Bookmarks Issue: 

From Prehuman Times to the French Revolution

missing imageFrancis Fukuyama, a former neoconservative involved with the Reagan administration, has written a number of works on political science but is best known for The End of History and the Last Man (1992), an expansion on an earlier column in The National Interest which argues that Western liberal democracy is the apex of human sociocultural evolution.

The Topic: In this grand historical survey, Fukuyama charts the evolution of the state--from the tribes of the Pleistocene epoch to the collapse of the monarchy in 18th-century France. States develop differently in different regions because political order is essentially a function of geography, climate, language, religion, and numerous other characteristics, and the ways in which societies regulate themselves can create patterns that last for centuries. The ideal state, in which freedom and prosperity are maximized, consists of three components in perfect balance: the creation of the state, the rule of law, and the state's accountability to its citizens. Previous societies may have possessed one or two of these elements, he argues, but none would acquire all three until 1700s Great Britain launched a new era in government.
Farrar, Straus and Giroux. 608 pages. $35. ISBN: 9780374227340

Christian Science Monitor 4.5 of 5 Stars
"In creating a readable history of political development, he has synthesized vast quantities of data that illustrate a marvelous intellectual curiosity, open-mindedness, and ability to blend material. If there is anything here to criticize, it is that details are overlooked in favor of categorical judgments about complex periods. But such a flaw is inherent to these sorts of grand historical works, and it is a small price to pay for encountering what is genuinely a masterpiece." Jordan Michael Smith

Cleveland Plain Dealer 4 of 5 Stars
"Whether discussing the growth of modern bureaucracy during China's Zhou Dynasty, or the role of military slavery in the construction of the state in the Ottoman Empire, or the implications of religious intrigue on India's dynasties, Fukuyama remains intellectually nimble, yet generally accessible, throughout. ... Fukuyama's scope is fascinating; he writes persuasively and well." Earl Pike

NY Times Book Review 4 of 5 Stars
"The Origins of Political Order is a rigorous attempt to create a synoptic view of human history by means of a synthesis of research in many disciplines. Even those who doubt that such an enterprise can succeed or who take issue with particular details or conclusions can be impressed by Fukuyama's audacity and stimulated by his arguments. Ambitious, erudite and eloquent, this book is undeniably a major achievement by one of the leading public intellectuals of our time." Michael Lind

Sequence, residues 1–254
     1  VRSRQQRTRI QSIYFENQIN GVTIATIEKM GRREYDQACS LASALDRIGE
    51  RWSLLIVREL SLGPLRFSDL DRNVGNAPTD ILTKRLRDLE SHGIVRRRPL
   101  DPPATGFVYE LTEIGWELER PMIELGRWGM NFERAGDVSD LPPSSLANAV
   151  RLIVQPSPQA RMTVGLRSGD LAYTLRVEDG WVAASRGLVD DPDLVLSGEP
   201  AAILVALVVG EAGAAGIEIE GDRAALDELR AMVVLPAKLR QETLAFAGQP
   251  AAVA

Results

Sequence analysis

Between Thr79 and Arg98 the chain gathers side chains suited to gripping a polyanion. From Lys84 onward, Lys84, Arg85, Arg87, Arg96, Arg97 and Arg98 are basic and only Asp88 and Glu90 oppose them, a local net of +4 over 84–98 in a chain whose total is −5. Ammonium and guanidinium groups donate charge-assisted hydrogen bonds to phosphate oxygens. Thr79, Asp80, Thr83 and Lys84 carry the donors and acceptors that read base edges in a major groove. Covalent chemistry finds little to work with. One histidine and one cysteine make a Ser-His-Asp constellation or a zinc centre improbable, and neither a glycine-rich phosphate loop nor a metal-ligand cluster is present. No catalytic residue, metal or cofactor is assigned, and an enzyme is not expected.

Wall Street Journal 4 of 5 Stars
"The Origins of Political Order [is] a sweeping survey that tries to explain why human beings act as they do in the political sphere. Magisterial in its learning and admirably immodest in its ambition, the book traces the history of political organization and principle from ‘prehuman times' up to the period of the French Revolution." David Gress

Washington Post 4 of 5 Stars
"The Origins of Political Order tries to make sense of the complexity that has cluttered the last two decades. It is a bold book, probably too bold for the specialists who take refuge in tiny topics and fear big ideas. But Fukuyama deserves congratulation for thinking big and not worrying about making mistakes." Gerard DeGroot

San Francisco Chronicle 3 of 5 Stars
"The Origins of Political Order may enlighten us to the general importance of history, but it doesn't provide us with a conclusive framework for understanding current global upheavals. ... For a book with such grand aspirations, this is a comparatively unsatisfying reward." Eric Oliver

Critical Summary

This bold and large-scale treatise generally impressed the critics with its breadth. Fukuyama draws from a wide range of fields--evolutionary biology, anthropology, psychology, sociology, world history, and political philosophy--and assembles a striking assortment of facts and arguments. However, he deliberately avoids proposing a unifying theory, claiming that "there are many potential paths to modernization." This line of reasoning and the lack of a comprehensive chronology of political development throughout human civilization were disappointments for the San Francisco Chronicle, which otherwise praised Fukuyama's engaging prose, astute observations, and extensive knowledge. Accessible and ambitious, Fukuyama's The Origins of Political Order provides an illuminating tool for understanding how contemporary political unrest has its roots in the (sometimes distant) past.